Whilst not strictly a type of film per se, the Sunday Afternoon flick should be recognisable for its gentle tone, light action and humour with a dash of nostalgia thrown into the mix. More often than not it's a Western but it could equally be a historical epic or romantic comedy. It's like a televisual comfort blanket, a couple of hours of entertainment that doesn't require too much thinking, because - let's face it - at this point on a Sunday, everyone's usually so full of roast potatoes to even contemplate paying too much attention.
Thankfully, and in the best possible way, El Dorado doesn't require that much. Taking its name and some of its dialogue from the Edgar Allen Poe poem of the same name, El Dorado is a remake of the more successful Rio Bravo. It stars John Wayne as Cole Thornton, a gun-hand for hire who becomes involved in a local land dispute between the MacDonalds and unscrupulous businessman Bart Jason (Ed Asner) in the town of El Dorado. The whole town's a bit out of control due to the sheriff, J.P. Harrah (Robert Mitchum) residing in the bottom of a whisky bottle while his deputy Bull (Arthur Hunnicutt) tries to maintain some semblance of order.
With the help of Alan Bourdillion Traherne, or Mississippi for short (James Caan), Thornton, J.P. and Bull face a showdown as the dispute comes to a head outside the Sheriff's office.
Where the film really succeeds and endears itself is in the chemistry between its lead characters. Both Wayne and Mitchum are on fine grumpy-old-men form as ageing gunslingers at the top of their game, displaying perfect comic timing with classic lines like 'I'm looking at a tin star… with a drunk pinned on it'. While the plot isn't the best, the script offers the actors some great one-liners and witty interplay, particularly between Wayne, Mitchum and Caan. The trio are offered capable support from Hunnicut as the former Indian hunter Bull, who's still more than a little obsessed with his former glory days and tooting his bugle. But as the unfortunately-monikered Mississippi, Caan almost steals the film with a charming performance as a cowboy without convention; he can't shoot well, let alone quickly, and his hat isn't exactly what you'd call stylish.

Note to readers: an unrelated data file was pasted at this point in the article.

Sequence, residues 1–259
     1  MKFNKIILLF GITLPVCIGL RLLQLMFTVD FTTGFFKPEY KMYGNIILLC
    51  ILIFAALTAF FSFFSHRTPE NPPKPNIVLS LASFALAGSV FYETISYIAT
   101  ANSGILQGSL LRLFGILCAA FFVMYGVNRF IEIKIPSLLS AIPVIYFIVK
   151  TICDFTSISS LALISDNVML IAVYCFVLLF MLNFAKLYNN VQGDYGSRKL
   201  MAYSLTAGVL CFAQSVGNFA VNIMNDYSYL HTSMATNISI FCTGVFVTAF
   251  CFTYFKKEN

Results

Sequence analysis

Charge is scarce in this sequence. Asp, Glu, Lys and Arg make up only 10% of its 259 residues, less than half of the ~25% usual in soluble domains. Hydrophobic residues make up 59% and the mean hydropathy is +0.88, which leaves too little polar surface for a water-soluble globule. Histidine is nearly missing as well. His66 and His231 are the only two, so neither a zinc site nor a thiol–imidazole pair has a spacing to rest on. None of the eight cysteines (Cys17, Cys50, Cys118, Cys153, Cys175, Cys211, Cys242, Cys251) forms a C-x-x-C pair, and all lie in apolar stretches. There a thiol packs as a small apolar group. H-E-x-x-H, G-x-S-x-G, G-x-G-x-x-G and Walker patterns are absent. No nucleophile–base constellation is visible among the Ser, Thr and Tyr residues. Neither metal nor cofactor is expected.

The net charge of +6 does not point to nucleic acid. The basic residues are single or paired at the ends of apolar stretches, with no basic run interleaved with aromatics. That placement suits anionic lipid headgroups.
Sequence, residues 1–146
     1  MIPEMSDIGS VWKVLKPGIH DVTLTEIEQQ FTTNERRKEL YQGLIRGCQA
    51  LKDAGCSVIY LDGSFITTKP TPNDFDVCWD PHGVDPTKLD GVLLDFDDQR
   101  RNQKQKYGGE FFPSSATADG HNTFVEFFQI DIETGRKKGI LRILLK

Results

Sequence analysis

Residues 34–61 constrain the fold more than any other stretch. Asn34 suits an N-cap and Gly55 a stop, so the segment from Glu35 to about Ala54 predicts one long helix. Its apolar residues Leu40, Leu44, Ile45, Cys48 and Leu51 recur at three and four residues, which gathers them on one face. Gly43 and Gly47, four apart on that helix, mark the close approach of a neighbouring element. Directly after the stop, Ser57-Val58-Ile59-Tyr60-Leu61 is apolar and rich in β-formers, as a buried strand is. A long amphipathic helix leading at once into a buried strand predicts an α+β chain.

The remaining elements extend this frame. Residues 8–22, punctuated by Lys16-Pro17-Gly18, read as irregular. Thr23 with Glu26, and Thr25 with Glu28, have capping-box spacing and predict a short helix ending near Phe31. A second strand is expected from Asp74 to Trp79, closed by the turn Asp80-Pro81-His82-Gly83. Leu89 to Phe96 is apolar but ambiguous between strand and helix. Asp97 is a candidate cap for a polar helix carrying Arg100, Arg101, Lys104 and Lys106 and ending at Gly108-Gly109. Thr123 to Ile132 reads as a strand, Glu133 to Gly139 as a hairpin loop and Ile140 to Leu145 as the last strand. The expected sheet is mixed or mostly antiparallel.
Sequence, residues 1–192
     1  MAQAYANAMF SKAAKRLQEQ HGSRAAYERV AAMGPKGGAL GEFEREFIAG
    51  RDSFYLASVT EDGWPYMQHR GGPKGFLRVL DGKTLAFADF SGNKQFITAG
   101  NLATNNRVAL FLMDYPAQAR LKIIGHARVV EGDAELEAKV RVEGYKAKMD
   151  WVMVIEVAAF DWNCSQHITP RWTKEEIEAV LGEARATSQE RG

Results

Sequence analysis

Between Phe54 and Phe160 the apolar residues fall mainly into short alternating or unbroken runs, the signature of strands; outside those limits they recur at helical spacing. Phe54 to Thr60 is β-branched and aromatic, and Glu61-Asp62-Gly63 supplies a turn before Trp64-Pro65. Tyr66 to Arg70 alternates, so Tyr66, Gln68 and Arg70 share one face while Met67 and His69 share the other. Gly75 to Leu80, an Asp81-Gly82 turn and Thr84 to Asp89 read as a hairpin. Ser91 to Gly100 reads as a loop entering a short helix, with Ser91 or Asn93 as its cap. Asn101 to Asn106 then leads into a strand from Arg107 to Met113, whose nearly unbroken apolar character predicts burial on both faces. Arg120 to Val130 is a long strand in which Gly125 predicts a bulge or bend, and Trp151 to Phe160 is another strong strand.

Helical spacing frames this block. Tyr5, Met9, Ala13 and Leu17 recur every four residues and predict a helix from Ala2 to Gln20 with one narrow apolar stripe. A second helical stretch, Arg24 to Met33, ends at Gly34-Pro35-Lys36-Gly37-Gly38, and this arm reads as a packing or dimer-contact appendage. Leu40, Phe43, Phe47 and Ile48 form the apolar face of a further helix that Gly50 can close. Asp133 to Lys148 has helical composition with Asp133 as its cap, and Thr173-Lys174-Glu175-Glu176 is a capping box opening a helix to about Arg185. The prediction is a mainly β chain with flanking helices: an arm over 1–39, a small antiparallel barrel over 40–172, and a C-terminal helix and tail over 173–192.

I tried to think if I could pick a favourite scene to share with you all but the honest truth is that I have too many to choose from. The shoot-out at the Church is memorable for its combination of action, comedy and your traditional Western-style death (lots of posturing, a bit of yelling and an overly dramatic fall to the ground) and pretty much any scene in which Mississippi fires his gun is just hilarious. Think of his shotgun as a pre-cursor to the Grasshopper in Men in Black and you'll know where I'm coming from.
It's not without its flaws of course; the plot is slight and sometimes a little incoherent and there's also a lengthy prologue that is basically one long round of exposition. In fact, it doesn't really get going until the entrance of Mississippi and his unique approach to gunfighting which doesn't involve a gun. But trust me, it's worth the wait. Once Wayne, Mitchum and Caan unite, El Dorado finds its feet. The scenes involving the three of them, particularly any in which Mississippi mentions his name, are very funny and endlessly quotable.The film's various set-pieces manage to tick all the Western boxes. We get shoot-outs, a besieged Sheriff's office and a battle to see who can draw the fastest, again all imbued with a great sense of humour that helps you overlook some of the film's lesser qualities. For me, it's one of those films that, should I come across it while channel-hopping, I'll always stop and watch, despite having seen it countless times and owning it on DVD. The Sunday Afternoon film is always a personal choice and I'm sure many of you have your own, but, for me, El Dorado will always demand that I sit down and watch it… again.